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|@@ -44,7 +44,7 @@ If you prefer, you can use True and False in place of 1 and 0 in the examples ab|
|# Connect a Battery and Motors|
|The quickest way to use the RRB2 as a roving robot is to buy a robot chassis such as the Magician Chassis (available from many sources) or similar low-cost robot chassis kits from eBay. These kits come as a laser cut body, a pair of gearmotors, often a battery box and nuts and bolts to fix it all together.|
|The quickest way to use the RRB3 as a roving robot is to buy a robot chassis such as the Magician Chassis (available from many sources) or similar low-cost robot chassis kits from eBay. These kits come as a laser cut body, a pair of gearmotors, often a battery box and nuts and bolts to fix it all together.|
|Here is one such chassis. The first step is to bolt this all together. Note that these are usually supplied with a 4 x AA battery box. You will need to swap this for a similar 6 x AA battery box or a 7.2V LiPo battery pack. Rechargeable batteries are a good idea when driving motors.|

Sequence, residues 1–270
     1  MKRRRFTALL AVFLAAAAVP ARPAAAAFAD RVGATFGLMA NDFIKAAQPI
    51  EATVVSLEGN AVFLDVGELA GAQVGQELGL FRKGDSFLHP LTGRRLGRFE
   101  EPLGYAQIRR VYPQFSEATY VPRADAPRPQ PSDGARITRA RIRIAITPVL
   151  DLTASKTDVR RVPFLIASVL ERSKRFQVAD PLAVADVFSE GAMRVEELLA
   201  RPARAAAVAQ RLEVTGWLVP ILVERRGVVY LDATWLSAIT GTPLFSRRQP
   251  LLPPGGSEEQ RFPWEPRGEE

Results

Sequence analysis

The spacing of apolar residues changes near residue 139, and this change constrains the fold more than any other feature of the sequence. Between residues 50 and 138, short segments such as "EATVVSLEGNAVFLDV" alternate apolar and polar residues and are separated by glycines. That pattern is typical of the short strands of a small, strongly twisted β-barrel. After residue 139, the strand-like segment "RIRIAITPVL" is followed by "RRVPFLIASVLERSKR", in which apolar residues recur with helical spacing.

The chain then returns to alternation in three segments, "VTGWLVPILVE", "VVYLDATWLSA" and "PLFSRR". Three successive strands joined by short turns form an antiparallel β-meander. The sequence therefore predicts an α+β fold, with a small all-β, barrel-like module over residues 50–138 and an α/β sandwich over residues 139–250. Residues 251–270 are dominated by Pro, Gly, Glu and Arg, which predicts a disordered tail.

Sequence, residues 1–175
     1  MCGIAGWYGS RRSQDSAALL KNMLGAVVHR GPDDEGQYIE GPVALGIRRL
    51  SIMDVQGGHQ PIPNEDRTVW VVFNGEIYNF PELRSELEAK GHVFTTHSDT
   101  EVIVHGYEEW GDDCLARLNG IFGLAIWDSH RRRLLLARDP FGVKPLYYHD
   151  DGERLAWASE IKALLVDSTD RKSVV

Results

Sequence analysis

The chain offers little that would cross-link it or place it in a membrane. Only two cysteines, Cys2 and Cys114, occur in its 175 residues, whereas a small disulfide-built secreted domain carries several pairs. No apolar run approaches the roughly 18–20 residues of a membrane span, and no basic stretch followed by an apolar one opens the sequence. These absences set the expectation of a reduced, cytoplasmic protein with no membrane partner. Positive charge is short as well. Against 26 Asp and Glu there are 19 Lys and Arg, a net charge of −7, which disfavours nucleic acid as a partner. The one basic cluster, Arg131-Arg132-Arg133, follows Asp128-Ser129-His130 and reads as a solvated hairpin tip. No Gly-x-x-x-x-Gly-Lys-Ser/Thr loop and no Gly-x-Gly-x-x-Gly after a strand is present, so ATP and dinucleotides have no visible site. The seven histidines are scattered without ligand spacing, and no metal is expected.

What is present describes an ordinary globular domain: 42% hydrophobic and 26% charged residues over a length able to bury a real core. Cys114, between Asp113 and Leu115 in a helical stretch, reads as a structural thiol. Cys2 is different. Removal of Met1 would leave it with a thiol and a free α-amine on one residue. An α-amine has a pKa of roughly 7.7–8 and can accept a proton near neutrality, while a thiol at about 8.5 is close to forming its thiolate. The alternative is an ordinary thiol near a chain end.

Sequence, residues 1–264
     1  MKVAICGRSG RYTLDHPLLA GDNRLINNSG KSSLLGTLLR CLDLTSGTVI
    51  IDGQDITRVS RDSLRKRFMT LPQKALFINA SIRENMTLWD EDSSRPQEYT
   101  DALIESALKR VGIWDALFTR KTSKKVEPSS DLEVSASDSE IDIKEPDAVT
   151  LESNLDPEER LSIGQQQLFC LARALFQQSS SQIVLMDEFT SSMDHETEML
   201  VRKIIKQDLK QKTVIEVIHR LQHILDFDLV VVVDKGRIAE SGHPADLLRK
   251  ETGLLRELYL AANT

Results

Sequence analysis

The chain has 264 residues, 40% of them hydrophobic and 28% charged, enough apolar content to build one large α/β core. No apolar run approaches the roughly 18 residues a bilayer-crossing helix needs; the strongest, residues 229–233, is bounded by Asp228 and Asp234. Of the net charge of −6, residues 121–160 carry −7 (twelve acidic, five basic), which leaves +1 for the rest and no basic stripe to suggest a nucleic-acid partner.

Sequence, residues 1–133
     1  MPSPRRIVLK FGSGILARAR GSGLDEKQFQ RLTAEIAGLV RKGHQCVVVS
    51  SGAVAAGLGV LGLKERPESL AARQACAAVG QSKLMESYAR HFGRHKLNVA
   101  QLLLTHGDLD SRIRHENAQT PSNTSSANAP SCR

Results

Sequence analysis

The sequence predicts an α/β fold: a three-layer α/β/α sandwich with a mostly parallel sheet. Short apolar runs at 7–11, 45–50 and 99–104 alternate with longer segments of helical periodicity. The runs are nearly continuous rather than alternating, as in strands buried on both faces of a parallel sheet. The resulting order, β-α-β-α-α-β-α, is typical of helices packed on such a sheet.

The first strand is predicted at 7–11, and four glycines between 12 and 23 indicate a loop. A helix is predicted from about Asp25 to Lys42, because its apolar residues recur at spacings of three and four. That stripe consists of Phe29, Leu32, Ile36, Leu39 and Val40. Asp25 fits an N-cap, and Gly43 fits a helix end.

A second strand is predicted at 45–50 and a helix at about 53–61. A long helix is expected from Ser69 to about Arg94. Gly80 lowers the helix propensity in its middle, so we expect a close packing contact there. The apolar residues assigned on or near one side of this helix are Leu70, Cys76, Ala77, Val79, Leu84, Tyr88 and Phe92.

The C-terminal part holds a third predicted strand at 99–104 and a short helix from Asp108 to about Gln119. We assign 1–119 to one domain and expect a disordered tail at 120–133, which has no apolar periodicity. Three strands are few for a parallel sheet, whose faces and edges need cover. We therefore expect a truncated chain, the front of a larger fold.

|@@ -57,7 +57,7 @@ The leads from the motors will thread up through the chassis and each pair of le|
|Next, make sure that your Raspberry Pi's USB power lead is unplugged. From now on we are going to power it from batteries.|
|**WARNING: Never power the Raspberry Pi from both batteries and the USB power connector. One or other, but NOT both.**|
|If the RRB3 is powered only from your Raspberry Pi, then the motor and OC outputs will not work, but the rangefinder, LEDs and I2C interface will work. To use the Motors and OC outputs, you must connect an external power source to the RRB3.|
|It is a good idea to leave the wheels off the robot chassis for now so that it does not unexpectedly drive itself off your table. One or both of the motors may spin as the Raspberry Pi starts up.|